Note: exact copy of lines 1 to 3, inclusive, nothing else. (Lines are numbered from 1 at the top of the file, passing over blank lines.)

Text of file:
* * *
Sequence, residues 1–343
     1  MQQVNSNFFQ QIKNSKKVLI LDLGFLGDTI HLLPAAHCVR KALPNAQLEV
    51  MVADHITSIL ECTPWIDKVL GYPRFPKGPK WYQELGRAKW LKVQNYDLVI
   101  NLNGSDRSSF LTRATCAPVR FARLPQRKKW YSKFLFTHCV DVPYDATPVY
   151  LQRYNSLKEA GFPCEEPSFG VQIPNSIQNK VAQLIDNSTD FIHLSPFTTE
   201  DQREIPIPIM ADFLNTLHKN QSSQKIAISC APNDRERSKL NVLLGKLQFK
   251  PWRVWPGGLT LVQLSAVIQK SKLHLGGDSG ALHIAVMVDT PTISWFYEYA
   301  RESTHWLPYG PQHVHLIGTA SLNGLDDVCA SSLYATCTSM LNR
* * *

Sequence, residues 1–343
     1  MQQVNSNFFQ QIKNSKKVLI LDLGFLGDTI HLLPAAHCVR KALPNAQLEV
    51  MVADHITSIL ECTPWIDKVL GYPRFPKGPK WYQELGRAKW LKVQNYDLVI